For Deb Kerry, It’s All About The Ride

Family rituals.

There have been a lot of them over the years – family dinners, bedtime stories, Friday night waffle night. They have shifted and changed over the years, an inevitability with the birth of each child, with the deaths of my father and my husband, one ritual fading away to be replaced by another. And now that the kids are busy, independent teenagers, most of the rituals are gone. Even family dinner has pretty much gone the way of the Dodo – it’s impossible to plan or predict these days who is going to be home for that five o’clock deadline.

The non-Holiday rituals that remain involve the Viking and me. And the dog.

Meet Riddick.

On weekdays, he waits patiently in his kennel to be let out in the morning, and then goes happily off to do dog things. On weekends, he starts yipping to be let out well before first light. And then he waits right outside the door, whining, or better yet positions himself where he can stare at us through the window. Because he knows, somehow or other, that it is the weekend.

And the weekend means he gets a ride.

Sometime after the perfect morning cup of coffee (another ritual), and maybe breakfast or writing time, depending, the Viking loads up the dog in the back of the weekend pickup truck and we head off to town.

A couple of things I should mention about Riddick. First, he is enormous – one hundred and thirty pounds of something that looks like a black lab but is just way too big.  Second – he has a thing about barking. Third – he goes absolutely ballistic when he sees another dog. Not that he doesn’t like other dogs – he does – he just goes temporarily insane.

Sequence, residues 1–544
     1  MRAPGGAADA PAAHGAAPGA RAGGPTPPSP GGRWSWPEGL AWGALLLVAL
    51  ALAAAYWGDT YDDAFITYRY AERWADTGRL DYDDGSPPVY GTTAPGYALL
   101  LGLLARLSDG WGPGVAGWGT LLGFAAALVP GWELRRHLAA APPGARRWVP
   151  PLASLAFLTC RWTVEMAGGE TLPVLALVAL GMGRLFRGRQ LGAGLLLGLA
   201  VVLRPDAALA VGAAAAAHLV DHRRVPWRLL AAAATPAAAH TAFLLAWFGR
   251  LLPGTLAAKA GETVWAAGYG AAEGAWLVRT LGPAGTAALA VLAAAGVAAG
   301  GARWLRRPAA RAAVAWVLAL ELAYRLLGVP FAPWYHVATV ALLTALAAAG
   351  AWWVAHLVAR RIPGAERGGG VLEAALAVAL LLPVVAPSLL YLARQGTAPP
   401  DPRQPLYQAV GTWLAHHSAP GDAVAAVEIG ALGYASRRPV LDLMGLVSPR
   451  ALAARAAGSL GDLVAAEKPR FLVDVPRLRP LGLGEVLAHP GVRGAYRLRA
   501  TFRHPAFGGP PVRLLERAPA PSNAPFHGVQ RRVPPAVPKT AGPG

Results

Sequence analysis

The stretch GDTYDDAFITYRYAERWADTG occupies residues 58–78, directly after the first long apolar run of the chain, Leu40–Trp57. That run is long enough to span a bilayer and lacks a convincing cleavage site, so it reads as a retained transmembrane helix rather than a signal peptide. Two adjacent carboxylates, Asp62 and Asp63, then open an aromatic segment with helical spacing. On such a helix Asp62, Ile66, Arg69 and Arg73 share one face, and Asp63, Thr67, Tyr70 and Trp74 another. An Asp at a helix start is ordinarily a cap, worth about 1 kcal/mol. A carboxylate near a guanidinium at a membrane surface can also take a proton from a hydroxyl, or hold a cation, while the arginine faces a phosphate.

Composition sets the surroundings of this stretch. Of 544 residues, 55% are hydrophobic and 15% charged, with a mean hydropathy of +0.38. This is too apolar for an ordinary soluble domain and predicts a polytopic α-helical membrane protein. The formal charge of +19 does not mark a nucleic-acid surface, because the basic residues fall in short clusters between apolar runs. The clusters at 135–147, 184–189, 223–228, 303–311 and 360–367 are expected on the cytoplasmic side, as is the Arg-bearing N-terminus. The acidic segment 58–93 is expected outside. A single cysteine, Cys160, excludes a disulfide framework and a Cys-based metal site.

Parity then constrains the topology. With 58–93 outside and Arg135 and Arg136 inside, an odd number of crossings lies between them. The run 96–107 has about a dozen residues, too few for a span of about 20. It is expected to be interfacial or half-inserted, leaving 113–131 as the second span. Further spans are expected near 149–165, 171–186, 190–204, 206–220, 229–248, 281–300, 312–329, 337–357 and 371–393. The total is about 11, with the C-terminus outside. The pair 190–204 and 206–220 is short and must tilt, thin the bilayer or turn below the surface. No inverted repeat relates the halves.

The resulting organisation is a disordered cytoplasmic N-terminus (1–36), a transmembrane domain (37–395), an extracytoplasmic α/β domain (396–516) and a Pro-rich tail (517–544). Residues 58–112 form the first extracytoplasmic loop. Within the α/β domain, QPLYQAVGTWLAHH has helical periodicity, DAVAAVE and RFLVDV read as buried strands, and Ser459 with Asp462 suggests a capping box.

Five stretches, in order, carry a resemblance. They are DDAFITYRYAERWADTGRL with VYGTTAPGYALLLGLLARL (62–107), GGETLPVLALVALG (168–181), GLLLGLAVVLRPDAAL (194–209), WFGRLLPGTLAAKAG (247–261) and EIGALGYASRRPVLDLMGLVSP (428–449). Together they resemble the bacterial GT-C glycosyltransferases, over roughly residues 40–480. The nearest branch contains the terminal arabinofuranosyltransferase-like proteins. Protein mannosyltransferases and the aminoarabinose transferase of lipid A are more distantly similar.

This is why we tie him up when we take him for his ride. Ordinarily, restraint would not be needed. At home, he stays in his territory as a good dog should, never wandering off. But put a dog in his path and he morphs into a frenzied machine, trying his utmost to leap out of the back of the truck, barking at the top of his capacious lungs.

Imagine, now, that you’re the elderly couple out for a stroll with the family dog in tow, when suddenly, from out of nowhere….


Thus it is that our leisurely morning drives take on an air of adventure. The Viking, driving, scans the streets for signs of dogs, often swerving down an alternate route at the last second in order to avoid a Full Scale Barking Encounter. Sometimes it’s unavoidable, and we watch the drama unfold, half mortified, half amused. And sometimes we laugh at him outright when he is leaning out the wrong side of the truck, scanning the streets for something to bark at, and totally misses a wonderful bark-worthy opportunity on the other side of the road.

There is one other component to this ritual of ours – the lotto tickets. Every weekend we buy them. Every weekend we check for winnings. The fact that we’ve maybe won $15 over the course of several years does not deter us. You just never know when your luck is going to change.